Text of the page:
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Why is Chronic Pain Worse in Cold Weather?

Oct 01, 2020 | Texas Partners Healthcare Group

Cold Weather and Chronic Pain Do Not Mix

Millions of people live with chronic pain every year. Whether they suffered an injury or live with a chronic condition, this pain is often debilitating. However, as the weather begins to cool down, those living with chronic pain may start to notice this pain worsening. You might have heard someone you know complain that their joints hurt as a storm or cold front arrives.

For some reason or another, weather (specifically cold weather) affects our bodies in different ways. As the weather continues to drop, people with chronic pain continue to complain about cold weather pain. The colder the weather is, the worse people’s chronic pain gets.

Surprisingly, there is not much research that clearly identifies why cold weather leads to increased pain. There are countless factors that play a role in these increased levels of pain. Regardless of why it happens, millions of people experience this pain in the fall and winter. Fortunately, there are ways to manage this pain.

Chronic pain can be debilitating. Activities you once enjoyed and did with ease become difficult and painful, leaching the fun out of them. Unfortunately, as the weather continues to cool down, this pain may only get worse. If you are looking for quality pain management treatment, give the Frisco pain management clinic at Texas Partners Healthcare Group a call today to learn how we can help.

How Cold Weather Worsens Pain

Even though you have likely heard people complain about increased pain when the weather gets cold, you might be surprised to hear that the amount of research regarding cold weather and chronic pain is small. Experts are still unsure if or how cold weather worsens chronic pain.

For example, one study involving 200 participants found that changes in barometric pressure and temperature led to increased osteoarthritic knee pain. However, different studies’ results have been inconclusive or shown no correlation.

However, healthcare experts have theories as to why cold weather worsens chronic pain:

Conditions Worsened by Cold Weather 

Cold weather affects the body in a myriad of ways. It often causes those suffering from a host of chronic pain conditions to hurt more. One of the chief complaints patients report in the winter and fall is worsened joint pain, but cold weather affects many different chronic pain conditions.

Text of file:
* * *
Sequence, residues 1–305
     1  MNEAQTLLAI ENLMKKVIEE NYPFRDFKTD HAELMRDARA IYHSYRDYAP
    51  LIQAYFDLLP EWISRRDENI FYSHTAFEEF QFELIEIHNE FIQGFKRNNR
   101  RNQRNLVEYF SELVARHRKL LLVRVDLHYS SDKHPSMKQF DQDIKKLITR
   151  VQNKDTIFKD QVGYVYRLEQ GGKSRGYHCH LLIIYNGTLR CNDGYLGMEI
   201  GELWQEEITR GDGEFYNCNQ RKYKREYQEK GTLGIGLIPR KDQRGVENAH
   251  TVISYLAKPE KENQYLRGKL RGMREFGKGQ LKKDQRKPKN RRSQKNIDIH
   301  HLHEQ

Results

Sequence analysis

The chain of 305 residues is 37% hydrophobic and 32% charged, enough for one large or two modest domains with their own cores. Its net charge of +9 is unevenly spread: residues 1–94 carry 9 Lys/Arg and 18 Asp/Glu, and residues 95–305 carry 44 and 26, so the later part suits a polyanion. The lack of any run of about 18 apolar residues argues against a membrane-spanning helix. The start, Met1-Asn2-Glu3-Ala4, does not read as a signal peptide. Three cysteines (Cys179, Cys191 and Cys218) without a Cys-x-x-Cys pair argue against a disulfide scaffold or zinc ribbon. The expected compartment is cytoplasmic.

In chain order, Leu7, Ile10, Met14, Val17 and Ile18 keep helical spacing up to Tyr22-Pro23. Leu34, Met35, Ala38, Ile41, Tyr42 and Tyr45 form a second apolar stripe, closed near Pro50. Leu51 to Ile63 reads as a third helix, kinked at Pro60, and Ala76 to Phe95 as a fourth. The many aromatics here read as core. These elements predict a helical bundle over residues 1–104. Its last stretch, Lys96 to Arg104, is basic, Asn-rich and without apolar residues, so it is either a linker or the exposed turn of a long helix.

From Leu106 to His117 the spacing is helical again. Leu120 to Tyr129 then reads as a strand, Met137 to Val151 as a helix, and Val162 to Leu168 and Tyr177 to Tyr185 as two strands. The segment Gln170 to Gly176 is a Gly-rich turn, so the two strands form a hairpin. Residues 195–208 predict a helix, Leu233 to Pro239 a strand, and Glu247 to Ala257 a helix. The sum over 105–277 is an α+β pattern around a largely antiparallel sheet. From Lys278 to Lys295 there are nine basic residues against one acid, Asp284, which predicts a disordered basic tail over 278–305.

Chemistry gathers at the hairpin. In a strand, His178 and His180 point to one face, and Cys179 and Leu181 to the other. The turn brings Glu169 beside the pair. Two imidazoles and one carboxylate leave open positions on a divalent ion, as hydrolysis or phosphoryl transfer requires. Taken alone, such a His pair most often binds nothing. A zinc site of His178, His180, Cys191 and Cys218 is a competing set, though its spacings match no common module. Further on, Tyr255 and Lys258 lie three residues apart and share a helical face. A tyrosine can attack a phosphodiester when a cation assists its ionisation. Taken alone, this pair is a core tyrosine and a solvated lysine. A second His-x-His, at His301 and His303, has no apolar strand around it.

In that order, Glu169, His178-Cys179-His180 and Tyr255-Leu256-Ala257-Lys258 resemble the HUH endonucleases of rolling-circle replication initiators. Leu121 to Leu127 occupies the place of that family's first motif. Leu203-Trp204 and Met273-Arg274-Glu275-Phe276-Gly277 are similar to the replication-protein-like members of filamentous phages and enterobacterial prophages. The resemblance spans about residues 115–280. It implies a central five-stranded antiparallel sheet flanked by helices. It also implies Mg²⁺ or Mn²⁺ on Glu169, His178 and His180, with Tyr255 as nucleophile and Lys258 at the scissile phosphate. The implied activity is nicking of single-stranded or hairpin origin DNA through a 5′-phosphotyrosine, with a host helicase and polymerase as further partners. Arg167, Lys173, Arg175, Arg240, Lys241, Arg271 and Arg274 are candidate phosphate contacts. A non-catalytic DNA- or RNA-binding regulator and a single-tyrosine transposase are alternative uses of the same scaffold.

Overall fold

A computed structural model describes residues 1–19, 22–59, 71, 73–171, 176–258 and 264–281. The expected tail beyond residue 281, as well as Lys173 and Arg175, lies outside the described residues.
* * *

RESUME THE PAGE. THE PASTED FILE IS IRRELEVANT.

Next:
Some of the conditions most affected include:

If you live with any of the above chronic pain conditions, you might experience increased levels of pain as we enter the colder months of winter. Fortunately, there are numerous things you can do to manage this pain and find pain relief. If your pain becomes unbearable, however, do not hesitate to contact the pain management doctors at TXP.

Managing Chronic Pain in the Cold 

Unfortunately, there is nothing you can do to stop the cold weather from happening. It is a natural part of our planet. However, if you do suffer from chronic pain and know that cold weather is coming, you can prepare yourself for potentially worse pain.

While you can’t stop the cold from coming, you can manage your pain better during the winter and fall months. Some tips you can do to manage your pain include:

These are just a handful of simple things you can do on your own to manage your pain throughout the winter. However, if your pain persists and worsens in the cold, you should reach out to a pain management doctor to discuss your options.

Contact a Frisco Pain Management Clinic

As the weather starts to cool down, those with chronic pain might be getting ready for worsened pain. Unfortunately, healthcare experts are not quite sure why the cold weather affects our bodies the way it does. Regardless, there are plenty of things you can do to find pain relief during the winter months.

However, if your pain persists even after completing many of these tasks, you may need further treatment. Give Texas Partners Healthcare Group a call today and let us help you find pain relief.